Exploring Manufacturing Process and Degradation Products of Gilt and Painted Leather
by Morena Iorio, Valerio Graziani, Sergio Lins, Stefano Ridolfi, Paolo Branchini, Andrea Fabbri, Gabriel Ingo, Gabriella Di Carlo and Luca Tortora
Appl. Sci. 2019, 9(15), 3016; https://doi.org/10.3390/app9153016 - 26 Jul 2019
Cited by 20 | Viewed by 4088
Abstract
In this work, we studied the manufacturing processes and the conservation state of gilt and painted leather fragments from Palazzo Chigi in Ariccia (Italy) by using different analytical techniques. Leather fragments present a silver leaf superimposed onto leather support. A gold varnish and [...] Read more.
In this work, we studied the manufacturing processes and the conservation state of gilt and painted leather fragments from Palazzo Chigi in Ariccia (Italy) by using different analytical techniques. Leather fragments present a silver leaf superimposed onto leather support. A gold varnish and different painted layers decorate it all. A top-down analytical approach was used to investigate this complex multilayer structure, which adopted techniques with different sampling depths. Organic and inorganic constitutive materials together with related degradation products were studied by time of flight secondary ion mass spectrometry (ToF-SIMS), attenuated total reflectance-Fourier transform infrared spectroscopy (ATR-FTIR), and macro X-ray fluorescence (MA-XRF). The findings have revealed the presence of different elements and species as calcium and iron in the leather support, which was attributed to the un-hairing process in the leather tanning. Regarding what concerns the silver leaf, where the varnish cracked, silver chlorides, oxides, and sulfides were detected as degradation products of the silver leaf. Proteinaceous compounds were also identified where the silver leaf is unprotected by the varnish. These ion signals reveal a potential use of animal glue on both sides of the silver leaf to promote durable adhesion. In the gold varnish, the surface analysis revealed organic compounds such as resins and oils. In particular, the copresence of linoleic, arachidonic, and lignoceric acid ion signals in the yellow area suggests the use of aloe as a colorant. Lead ions in the same area were detected and attributed to the use of lead as siccative. Blue areas were obtained by using indigo and lead white in addition to an oil binder. This is confirmed by the detection of indigotin, fatty acid, and lead soap ion signals. A copper-based pigment was used to depict the green areas and copper oxalates were identified as its degradation products. Lastly, no significant information about the red colorant was obtained. Colophony is present as a component of the final varnish. Full article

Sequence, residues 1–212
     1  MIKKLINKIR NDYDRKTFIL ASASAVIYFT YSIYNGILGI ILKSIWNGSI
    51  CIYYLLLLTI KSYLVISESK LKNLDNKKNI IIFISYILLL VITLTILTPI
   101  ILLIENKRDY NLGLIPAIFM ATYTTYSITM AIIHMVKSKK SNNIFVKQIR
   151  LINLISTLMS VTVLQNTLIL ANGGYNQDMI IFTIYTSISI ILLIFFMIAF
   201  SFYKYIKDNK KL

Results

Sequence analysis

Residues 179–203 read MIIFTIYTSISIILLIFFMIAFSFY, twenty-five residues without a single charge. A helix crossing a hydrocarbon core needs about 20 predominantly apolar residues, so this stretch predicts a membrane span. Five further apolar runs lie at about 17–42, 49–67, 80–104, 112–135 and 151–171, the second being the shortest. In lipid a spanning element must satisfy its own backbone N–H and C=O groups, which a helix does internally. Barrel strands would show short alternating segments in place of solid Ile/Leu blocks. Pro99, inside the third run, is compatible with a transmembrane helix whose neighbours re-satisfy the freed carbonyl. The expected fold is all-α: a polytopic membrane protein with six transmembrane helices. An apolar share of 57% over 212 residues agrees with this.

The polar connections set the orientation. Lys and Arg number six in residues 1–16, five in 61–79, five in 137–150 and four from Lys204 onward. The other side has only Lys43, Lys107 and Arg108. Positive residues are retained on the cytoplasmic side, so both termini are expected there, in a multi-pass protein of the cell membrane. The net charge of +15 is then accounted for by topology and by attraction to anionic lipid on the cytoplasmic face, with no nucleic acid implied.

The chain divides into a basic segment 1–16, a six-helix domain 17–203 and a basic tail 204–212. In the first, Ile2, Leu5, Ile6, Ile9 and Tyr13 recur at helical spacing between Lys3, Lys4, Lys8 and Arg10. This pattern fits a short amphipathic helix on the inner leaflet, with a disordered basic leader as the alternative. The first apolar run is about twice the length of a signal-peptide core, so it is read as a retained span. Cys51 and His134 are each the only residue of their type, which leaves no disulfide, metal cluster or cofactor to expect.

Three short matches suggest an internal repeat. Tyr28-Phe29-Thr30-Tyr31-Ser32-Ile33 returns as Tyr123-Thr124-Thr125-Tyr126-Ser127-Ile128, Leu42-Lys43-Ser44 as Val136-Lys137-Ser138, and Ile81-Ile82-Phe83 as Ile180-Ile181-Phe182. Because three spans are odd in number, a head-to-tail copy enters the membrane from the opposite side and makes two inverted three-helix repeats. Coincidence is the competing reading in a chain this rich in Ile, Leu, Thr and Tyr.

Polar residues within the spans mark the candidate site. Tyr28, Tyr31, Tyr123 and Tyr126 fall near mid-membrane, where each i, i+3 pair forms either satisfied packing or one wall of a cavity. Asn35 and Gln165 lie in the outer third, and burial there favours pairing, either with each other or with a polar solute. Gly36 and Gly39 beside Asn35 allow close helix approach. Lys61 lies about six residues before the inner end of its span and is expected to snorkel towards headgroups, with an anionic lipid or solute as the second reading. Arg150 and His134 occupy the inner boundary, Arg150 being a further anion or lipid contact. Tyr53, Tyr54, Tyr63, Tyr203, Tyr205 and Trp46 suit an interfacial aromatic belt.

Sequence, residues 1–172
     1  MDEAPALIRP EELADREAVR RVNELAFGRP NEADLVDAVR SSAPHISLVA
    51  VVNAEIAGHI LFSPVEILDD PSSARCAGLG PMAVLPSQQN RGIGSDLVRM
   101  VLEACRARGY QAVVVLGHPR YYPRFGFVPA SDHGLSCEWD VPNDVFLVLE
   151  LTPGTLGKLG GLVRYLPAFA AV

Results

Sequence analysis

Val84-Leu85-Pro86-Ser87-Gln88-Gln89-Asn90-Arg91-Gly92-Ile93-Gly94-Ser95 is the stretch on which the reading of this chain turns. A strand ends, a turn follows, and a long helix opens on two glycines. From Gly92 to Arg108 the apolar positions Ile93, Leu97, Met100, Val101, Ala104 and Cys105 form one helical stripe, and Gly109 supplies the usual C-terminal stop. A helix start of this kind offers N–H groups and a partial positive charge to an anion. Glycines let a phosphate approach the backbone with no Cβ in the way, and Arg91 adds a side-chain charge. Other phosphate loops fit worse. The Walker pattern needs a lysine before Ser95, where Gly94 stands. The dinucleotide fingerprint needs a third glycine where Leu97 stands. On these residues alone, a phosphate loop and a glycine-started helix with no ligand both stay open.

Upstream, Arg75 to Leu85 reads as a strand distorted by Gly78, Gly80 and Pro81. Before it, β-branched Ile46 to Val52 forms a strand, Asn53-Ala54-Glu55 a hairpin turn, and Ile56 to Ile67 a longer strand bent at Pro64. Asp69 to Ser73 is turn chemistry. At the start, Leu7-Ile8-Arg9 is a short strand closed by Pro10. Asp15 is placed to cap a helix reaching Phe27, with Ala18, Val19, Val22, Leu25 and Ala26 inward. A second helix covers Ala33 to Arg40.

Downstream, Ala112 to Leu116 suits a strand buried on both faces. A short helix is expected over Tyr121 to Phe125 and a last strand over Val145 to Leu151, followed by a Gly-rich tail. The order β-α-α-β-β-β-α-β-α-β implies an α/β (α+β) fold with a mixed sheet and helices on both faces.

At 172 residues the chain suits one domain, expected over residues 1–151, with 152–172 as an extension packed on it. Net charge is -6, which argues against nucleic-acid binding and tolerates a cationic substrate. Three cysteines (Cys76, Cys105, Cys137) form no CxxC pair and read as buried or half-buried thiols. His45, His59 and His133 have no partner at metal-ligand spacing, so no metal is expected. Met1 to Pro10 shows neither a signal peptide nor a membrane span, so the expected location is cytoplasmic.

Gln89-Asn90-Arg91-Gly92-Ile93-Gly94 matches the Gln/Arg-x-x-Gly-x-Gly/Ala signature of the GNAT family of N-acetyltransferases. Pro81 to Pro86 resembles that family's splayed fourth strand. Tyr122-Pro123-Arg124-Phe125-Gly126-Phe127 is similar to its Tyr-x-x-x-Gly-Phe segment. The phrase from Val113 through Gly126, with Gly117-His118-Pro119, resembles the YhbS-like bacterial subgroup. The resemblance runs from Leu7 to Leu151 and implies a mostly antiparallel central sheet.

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13 pages, 1187 KiB  
Article
Bacterial and Biodeterioration Analysis of the Waterlogged Wooden Lacquer Plates from the Nanhai No. 1 Shipwreck
by Liuyu Yin, Yin Jia, Mei Wang, Huanhuan Yu, Ying Jing, Cuiting Hu, Fengyu Zhang, Mingliang Sun, Zijun Liu, Yue Chen, Jie Liu and Jiao Pan
Appl. Sci. 2019, 9(4), 653; https://doi.org/10.3390/app9040653 - 15 Feb 2019
Cited by 13 | Viewed by 3376
Abstract
To protect the lacquer plates from the Nanhai No. 1 shipwreck from being corroded by microorganisms, a series of studies were conducted on the four water-stored samples. The water samples were collected from the vessel where the lacquerware was stored in June and [...] Read more.
To protect the lacquer plates from the Nanhai No. 1 shipwreck from being corroded by microorganisms, a series of studies were conducted on the four water-stored samples. The water samples were collected from the vessel where the lacquerware was stored in June and December 2017. In our study, high-throughput sequencing was conducted to reveal predominant bacterial communities. Then, three different media were used to isolate the dominant bacteria, and the 16S rRNA genes were sequenced. Next, we tested the degradation activity of lignin and cellulose by the isolated bacterial strains. After being cultured on a medium containing carboxylmethylcellulose (CMC), almost all the isolated strains (except Microbacterium sp. NK-NH4, Ochrobactrum sp. NK-NH9, and Bacillus megaterium NK-NH10) showed the capacity for cellulose degradation. In addition, the lignin peroxidase (Lip) and laccase activity of the strains were shown by culturing the strains on one medium with azure and on another medium with Remazol brilliant blue. The results indicated that the Lip activity of all the strains was low, whereas the laccase activity of Microbacterium sp. NK-NH4, Bacillus tequilensis NK-NH5, Bacillus subtilis NK-NH6, Bacillus megaterium NK-NH10, and Bacillus velezensis NK-NH11 was relatively high. Finally, we tested the bacteriostatic efficacy of four biocides—Preventol® D7, BIT 20N, P91, and Euxyl® K100. We found that most strains were sensitive to D7 and 20N, while K100 had almost no impact. Full article